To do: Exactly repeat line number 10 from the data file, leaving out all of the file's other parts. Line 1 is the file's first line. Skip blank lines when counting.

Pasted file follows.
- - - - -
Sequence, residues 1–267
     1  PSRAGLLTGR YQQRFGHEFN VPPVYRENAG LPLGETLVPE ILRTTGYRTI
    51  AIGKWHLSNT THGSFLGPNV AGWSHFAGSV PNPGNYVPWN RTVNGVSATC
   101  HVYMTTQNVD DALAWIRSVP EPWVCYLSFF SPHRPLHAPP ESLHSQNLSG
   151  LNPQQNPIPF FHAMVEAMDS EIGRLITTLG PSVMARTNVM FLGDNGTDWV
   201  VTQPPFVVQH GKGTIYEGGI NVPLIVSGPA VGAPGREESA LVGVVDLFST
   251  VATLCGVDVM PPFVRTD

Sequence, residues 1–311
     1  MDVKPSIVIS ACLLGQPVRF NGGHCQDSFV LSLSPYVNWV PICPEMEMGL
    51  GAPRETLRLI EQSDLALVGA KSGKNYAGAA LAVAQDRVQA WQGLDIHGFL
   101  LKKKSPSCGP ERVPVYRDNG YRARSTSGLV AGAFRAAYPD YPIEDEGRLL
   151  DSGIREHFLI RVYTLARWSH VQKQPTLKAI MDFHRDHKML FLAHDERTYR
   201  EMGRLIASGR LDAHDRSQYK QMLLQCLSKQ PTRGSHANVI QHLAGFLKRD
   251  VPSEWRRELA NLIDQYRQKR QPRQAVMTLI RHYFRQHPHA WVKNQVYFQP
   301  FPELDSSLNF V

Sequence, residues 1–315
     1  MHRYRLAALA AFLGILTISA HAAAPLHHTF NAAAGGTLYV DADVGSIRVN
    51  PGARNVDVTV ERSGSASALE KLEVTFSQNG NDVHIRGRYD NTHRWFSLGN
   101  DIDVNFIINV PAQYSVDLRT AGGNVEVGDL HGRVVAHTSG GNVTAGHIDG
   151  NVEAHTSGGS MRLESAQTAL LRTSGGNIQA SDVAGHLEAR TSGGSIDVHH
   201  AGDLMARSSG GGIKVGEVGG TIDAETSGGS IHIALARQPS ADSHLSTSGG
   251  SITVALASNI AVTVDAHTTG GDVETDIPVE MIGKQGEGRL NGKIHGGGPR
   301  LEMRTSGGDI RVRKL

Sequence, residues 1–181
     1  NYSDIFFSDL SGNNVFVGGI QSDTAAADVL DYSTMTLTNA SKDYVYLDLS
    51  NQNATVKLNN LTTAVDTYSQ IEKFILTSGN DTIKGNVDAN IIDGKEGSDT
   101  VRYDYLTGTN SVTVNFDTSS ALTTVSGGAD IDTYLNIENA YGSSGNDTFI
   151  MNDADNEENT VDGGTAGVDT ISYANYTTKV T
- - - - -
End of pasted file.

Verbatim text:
    51  GAPRETLRLI EQSDLALVGA KSGKNYAGAA LAVAQDRVQA WQGLDIHGFL